From Young Warriors to the cusp of USA debut: The Gajanand Singh journey
By Brandon Corlette
Former senior Guyana batsman Gajanand Singh is among the list of 44 players who were selected to train in the United States of America (USA) camp later this month.
The 33-year-old who represented Guyana Amazon Warriors (GAW) in the Caribbean Premier League (CPL) back in 2017 reflected on his journey from Guyana to being on the cusp of representing the USA.
Singh left Guyana for the USA back in 2013, but after an invitation to play cricket, he returned to his homeland in 2015 to play the Cricket Guyana Inc (CGI) one-day franchise league, where he played for the Lower Corentyne team.
After ordinary performances locally, Singh was set to return to the USA, but then in 2016, he was invited by Demerara Cricket Club (DCC) to play a tournament in Trinidad, where he scored heavily, amassing 300 runs in the six matches. His exploits in that tournament landed him a CPL contract in 2017. He was selected to represent GAW in the CPL.
After playing 11 matches for the Warriors and scoring 151 runs, including valuable knocks of 35* and 39, Singh booked his ticket to return to New York, but he was asked by the chairman of selectors and Coach of the Guyana Jaguars to stay in Guyana to prepare for the Regional Super50 tournament.
“When I got home, there was rain and training was indoors. I was given a message that (Shimron) Hetmyer was leaving for Zimbabwe or to play the World Cup Qualifiers and I would replace him. I was still there then after Hetmyer left, I got to understand that Tagenarine Chanderpaul replaced him and I didn’t receive the call,” Singh said in a recent Sean Devers Sports Watch.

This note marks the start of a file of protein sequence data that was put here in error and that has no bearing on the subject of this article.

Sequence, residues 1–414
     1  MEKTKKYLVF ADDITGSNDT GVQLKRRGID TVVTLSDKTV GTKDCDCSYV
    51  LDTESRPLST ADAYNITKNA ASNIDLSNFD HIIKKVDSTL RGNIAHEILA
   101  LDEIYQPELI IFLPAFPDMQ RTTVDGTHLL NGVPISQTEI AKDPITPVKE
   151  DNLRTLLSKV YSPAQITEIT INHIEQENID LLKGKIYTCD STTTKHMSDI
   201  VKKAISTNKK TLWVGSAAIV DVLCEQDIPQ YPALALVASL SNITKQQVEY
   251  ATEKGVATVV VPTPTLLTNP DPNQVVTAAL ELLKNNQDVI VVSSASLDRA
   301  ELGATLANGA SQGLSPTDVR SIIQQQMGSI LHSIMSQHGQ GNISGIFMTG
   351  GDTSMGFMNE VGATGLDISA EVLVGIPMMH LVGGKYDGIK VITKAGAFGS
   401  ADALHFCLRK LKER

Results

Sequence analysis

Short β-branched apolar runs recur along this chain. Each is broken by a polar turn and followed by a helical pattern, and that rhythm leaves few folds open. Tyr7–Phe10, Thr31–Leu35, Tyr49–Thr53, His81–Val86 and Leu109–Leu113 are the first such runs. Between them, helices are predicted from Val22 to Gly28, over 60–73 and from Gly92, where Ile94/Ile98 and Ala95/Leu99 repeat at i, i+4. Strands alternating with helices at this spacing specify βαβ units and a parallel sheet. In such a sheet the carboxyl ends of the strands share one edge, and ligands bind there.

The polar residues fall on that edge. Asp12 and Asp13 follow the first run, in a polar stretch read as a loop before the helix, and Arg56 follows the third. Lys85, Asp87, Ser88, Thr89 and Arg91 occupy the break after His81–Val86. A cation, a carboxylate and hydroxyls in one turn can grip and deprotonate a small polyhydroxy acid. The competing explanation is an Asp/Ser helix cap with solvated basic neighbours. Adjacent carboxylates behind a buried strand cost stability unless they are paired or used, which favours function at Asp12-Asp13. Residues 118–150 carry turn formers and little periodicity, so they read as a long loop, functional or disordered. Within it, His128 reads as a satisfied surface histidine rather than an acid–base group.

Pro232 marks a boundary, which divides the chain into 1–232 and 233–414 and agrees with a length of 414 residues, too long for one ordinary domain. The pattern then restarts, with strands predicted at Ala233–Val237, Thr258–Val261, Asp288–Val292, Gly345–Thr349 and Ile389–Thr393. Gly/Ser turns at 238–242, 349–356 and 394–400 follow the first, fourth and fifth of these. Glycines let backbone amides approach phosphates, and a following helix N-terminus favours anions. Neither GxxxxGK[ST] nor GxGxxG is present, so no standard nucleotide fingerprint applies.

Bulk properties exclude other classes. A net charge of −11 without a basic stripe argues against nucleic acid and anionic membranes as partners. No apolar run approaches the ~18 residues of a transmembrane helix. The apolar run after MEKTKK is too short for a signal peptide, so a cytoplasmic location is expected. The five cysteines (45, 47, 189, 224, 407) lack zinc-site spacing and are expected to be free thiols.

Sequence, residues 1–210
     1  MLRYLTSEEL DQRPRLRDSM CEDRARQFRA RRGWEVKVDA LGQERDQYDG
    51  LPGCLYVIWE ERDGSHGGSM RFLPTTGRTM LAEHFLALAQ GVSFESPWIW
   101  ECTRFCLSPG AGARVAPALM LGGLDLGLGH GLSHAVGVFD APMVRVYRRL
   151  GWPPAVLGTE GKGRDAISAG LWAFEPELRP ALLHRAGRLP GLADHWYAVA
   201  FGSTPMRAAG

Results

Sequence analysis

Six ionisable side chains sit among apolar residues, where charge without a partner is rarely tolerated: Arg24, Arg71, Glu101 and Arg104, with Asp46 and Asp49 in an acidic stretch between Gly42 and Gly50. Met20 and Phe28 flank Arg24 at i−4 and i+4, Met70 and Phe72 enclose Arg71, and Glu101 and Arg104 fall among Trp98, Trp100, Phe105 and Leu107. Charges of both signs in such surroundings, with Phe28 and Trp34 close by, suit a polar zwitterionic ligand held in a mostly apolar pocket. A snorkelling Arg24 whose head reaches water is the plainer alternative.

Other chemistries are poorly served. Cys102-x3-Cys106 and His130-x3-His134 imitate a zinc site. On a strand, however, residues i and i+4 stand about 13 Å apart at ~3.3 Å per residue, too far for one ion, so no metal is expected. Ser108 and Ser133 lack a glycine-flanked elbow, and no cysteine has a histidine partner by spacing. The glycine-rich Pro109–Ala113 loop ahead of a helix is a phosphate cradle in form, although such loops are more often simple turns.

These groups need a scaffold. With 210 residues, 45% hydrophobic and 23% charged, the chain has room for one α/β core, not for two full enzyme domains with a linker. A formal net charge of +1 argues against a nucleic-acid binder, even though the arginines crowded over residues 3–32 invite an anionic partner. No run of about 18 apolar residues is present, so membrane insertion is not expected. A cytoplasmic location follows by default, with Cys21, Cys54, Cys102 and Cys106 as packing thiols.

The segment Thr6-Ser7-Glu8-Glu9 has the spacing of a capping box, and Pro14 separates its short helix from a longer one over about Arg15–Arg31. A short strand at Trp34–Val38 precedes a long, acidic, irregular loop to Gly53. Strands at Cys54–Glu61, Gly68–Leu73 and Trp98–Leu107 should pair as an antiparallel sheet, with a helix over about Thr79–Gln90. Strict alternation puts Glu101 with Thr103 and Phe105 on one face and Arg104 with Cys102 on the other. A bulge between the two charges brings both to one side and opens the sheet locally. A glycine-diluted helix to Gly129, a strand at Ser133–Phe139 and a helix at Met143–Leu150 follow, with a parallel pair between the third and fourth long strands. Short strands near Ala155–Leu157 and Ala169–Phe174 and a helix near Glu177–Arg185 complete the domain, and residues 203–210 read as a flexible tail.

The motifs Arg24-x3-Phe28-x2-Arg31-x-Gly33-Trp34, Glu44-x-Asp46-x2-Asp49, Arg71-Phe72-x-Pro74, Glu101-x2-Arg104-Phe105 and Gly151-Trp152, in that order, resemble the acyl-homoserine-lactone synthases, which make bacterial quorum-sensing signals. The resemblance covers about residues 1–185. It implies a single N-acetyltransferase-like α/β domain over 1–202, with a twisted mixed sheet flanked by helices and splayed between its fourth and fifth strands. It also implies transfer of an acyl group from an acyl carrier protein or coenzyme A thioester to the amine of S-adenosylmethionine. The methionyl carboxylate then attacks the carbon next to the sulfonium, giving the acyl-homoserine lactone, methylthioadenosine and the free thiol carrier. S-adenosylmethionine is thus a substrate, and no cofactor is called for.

During his childhood days in Guyana, Singh, a former West Indies U-19 player, lived across the street from the Young Warriors Cricket Club and his father was the manager of the club. From that moment, he never looked back.
Comparing the local cricketing club structures in Guyana and Trinidad, Singh said the club structure in Trinidad is more organised. “They have a set system in place. It’s not like a Berbice Cricket Board tournament that plays this weekend and on Thursday and Friday you have to call the Board and know where you are playing next weekend,” Singh said.
He further added that the local teams in Trinidad carry themselves like an inter-county or a Guyana national team. “It’s really good to play in a professional system like that and it’s good for young Guyanese to get that experience as well,” Singh added.
The left-hander who scored two half-centuries in the 10 First-Class matches he played said he was focused on getting to the USA camp and if he got, selected he would be aiming to win games for the USA. “Most of the guys out of the 44 I know a lot of them and played with,” he noted.
Like a host of Guyanese who have left their homeland, Singh has shown supreme quality while playing in the USA. He will be hoping that he finally gets an opportunity to represent USA to play that series against Oman in March.